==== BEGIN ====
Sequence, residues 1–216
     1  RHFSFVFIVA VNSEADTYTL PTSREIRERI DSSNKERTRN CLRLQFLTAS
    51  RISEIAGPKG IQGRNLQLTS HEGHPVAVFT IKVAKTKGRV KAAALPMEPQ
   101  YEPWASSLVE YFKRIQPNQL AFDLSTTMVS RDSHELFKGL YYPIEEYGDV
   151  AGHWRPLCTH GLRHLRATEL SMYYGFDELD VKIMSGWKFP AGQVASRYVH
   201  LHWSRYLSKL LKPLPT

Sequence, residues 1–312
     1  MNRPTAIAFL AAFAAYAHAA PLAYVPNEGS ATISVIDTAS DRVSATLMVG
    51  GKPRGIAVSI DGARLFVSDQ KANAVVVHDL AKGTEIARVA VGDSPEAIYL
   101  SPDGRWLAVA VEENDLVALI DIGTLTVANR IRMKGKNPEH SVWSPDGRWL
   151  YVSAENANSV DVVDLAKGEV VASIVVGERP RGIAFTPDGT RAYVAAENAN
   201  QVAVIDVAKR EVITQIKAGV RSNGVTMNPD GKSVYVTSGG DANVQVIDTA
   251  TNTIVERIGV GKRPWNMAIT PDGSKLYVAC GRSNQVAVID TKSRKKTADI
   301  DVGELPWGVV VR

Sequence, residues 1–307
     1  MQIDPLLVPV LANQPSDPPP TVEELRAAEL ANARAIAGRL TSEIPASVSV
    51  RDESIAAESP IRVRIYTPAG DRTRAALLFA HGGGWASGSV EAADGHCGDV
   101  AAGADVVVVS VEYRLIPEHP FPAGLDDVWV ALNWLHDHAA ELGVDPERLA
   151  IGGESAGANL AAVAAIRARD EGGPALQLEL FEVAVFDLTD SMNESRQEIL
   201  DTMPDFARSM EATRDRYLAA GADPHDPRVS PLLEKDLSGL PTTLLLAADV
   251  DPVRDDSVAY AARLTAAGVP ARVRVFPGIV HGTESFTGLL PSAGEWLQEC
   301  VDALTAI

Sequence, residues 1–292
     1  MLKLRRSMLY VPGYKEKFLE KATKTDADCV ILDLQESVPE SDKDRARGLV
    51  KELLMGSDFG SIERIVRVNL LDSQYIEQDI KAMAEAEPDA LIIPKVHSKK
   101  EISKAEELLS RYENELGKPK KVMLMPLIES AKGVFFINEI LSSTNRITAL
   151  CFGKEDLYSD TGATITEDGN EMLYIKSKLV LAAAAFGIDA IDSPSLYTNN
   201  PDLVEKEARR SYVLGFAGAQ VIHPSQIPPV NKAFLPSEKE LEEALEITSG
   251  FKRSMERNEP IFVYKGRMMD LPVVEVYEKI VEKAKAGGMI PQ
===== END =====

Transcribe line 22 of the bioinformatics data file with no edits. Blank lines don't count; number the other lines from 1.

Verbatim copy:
   301  VDALTAI